A 52 year-old male with morbid obesity and a set of large ventral hernias initially presented to our institution with symptoms of small bowel obstruction, which resolved with conservative therapy. He returned a few days later with symptoms of septic shock. A computerized axial tomography (CAT) scan of the abdomen and pelvis demonstrated large anterior and left lateral wall hernias with bowel loops, peri-colonic soft tissue standing, subcutaneous and extra-luminal air in the left hernia sac. The liver, gall bladder, spleen and pancreas appeared to be normal. A 2 mm punctate calcification was seen in the mid-pole of the right kidney with no other findings. The images through the pelvis demonstrated a decompressed urinary bladder with a catheter and an enlarged prostate. The findings were highly suspicious for incarceration and perforation of the bowel loops in the left hernia sac. Given a pre-operative diagnosis of incarcerated abdominal wall hernias with septic parameters and evidence of perforation, he underwent an exploratory laparotomy, hernia sac resection, blow-hole colostomy, and wide drainage under general anesthesia. The location of the ventral hernias was in the left upper quadrant, the right upper quadrant, and the lower midline of the abdomen. The reason for such extensive nature of hernia and symptomatology was reluctance on the patient’s part to obtain a surgery and uncertainty from the surgical team in terms of prognosis. He received the left Hernia sac repair emergently, which showed incarcerated bowel with green purulent fluid staining of the hernia sac consistent with bowel contents and perforation. The debrided sac was sent to the pathology for gross and microscopic examination with the diagnosis of acute panniculitis and abscess formation. He was stable after 5 days and received the surgical treatment of definitive repair of the ventral hernias and bowel perforation. During the surgery, a midline ventral hernia was identified with incarcerated small bowel and multiple nodules were seen at the junction of bowel wall and the mesentery. The hernia was excised and sent to pathology for gross and microscopic examination. On gross examination, the “hernia sac” specimen consisted of firm fibromembranous tissue with fully infiltrating tan-white tumor mass and focal necrosis measuring 10 cm in greatest dimension (Figure 1A). Histologically (Figure 1B-1D), the hernia sac revealed extensive tumor infiltrates in the background of desmoplastic stroma accompanied by extensive fibrinoid necrosis. The tumor showed nests or sheet-like growth pattern with predominantly squamous differentiation. The tumor cells exhibited enlarged and pleomorphic nuclei, abundant eosinophilic cytoplasm, distinct intercellular bridges and keratinization. Focal intraepithelial mucous cysts and clear cell changes were also seen. Tumor extensively involved the mesenteric adipose tissue, subserosa and muscularis propria of the incarcerated small bowel with lymphovascular invasion present in the submucosa. A panel of immunostains was performed with appropriate controls. The tumor was diffusely and strongly positive for GATA3, 34betaE12, Cytokeratin 5/6 (CK5/6) and P63, and strongly and focally positive for Cytokeratin 7 (CK7), focally and weakly positive for CDX2, negative for Cytokeratin 20 (CK20), Calretinin, D2-40 and Uroplakin III (Figure 2). The primary tumor site could not be investigated as the patient died after two weeks of surgery and no autopsy was requested. Therefore, based on the morphology and immunostaining pattern, metastatic urothelial carcinoma with squamous differentiation was rendered as the final diagnosis.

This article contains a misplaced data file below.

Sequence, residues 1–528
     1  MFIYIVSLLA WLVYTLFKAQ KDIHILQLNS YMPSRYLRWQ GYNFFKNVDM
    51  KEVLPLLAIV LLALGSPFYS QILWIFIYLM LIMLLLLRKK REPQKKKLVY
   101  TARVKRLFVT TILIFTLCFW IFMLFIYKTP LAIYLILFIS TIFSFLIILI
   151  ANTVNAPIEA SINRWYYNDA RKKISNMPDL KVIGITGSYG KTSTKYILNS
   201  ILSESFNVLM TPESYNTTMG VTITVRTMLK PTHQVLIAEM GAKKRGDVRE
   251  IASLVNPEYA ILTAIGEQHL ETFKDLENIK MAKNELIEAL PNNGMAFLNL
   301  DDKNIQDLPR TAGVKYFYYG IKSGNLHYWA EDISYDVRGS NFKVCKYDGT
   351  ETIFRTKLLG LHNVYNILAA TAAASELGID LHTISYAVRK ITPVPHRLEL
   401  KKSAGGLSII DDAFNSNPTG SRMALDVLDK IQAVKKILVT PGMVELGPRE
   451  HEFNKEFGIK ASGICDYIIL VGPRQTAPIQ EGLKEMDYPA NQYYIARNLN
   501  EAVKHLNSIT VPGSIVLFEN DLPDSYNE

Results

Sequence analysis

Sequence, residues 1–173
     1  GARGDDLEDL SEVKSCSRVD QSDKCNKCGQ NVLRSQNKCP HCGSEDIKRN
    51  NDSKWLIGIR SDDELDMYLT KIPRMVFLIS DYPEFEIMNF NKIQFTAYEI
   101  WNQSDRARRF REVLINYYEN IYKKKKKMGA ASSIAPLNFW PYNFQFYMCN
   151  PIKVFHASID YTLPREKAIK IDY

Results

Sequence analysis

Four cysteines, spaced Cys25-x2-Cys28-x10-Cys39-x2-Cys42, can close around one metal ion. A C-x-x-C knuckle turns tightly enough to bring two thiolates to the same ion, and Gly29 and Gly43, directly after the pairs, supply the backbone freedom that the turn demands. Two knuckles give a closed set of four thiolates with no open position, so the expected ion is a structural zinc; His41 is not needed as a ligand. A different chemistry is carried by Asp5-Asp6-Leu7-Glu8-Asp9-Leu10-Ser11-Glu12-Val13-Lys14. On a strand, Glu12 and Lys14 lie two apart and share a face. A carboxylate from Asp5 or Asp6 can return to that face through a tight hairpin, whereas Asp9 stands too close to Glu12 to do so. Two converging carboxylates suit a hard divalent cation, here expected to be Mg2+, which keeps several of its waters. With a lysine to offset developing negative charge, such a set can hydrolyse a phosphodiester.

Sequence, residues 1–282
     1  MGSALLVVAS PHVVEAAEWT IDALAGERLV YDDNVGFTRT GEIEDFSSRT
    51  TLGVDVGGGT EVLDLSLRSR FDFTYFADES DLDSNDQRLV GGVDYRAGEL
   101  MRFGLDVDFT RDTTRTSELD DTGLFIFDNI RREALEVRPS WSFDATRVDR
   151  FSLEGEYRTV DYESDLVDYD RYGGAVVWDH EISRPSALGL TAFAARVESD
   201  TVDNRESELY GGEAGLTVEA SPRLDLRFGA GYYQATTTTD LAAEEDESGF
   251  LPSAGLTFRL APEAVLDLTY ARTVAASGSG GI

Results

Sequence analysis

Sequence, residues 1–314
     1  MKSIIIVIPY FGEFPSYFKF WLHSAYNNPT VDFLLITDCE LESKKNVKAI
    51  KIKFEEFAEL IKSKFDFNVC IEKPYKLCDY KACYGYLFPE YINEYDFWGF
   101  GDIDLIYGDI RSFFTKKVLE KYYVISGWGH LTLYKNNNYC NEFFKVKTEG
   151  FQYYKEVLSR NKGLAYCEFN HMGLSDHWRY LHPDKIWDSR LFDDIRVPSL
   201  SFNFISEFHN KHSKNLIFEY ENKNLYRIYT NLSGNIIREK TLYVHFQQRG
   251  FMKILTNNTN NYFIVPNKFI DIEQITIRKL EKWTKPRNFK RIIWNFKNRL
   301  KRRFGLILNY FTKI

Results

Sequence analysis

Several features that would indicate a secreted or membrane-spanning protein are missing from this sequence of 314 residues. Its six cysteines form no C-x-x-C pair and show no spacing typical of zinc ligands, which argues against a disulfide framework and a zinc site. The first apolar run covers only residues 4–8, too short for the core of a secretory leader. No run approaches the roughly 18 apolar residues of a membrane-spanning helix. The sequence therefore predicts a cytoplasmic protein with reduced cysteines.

Figure 1 Metastatic Urothelial carcinoma in a hernia sac. A: Grossly the sacular tumor present in the hernia sac. B-D, Microscopically, the tumor infiltrating the fibro membranous tissue with extensive fibrinoid necrosis and an uninvolved mesothelial lining (arrow) (B, x40) and showing features of Urothelial carcinoma with clear cell changes (C, 400x), mitotic figure (arrow) and squamous differentiation (D, 400x).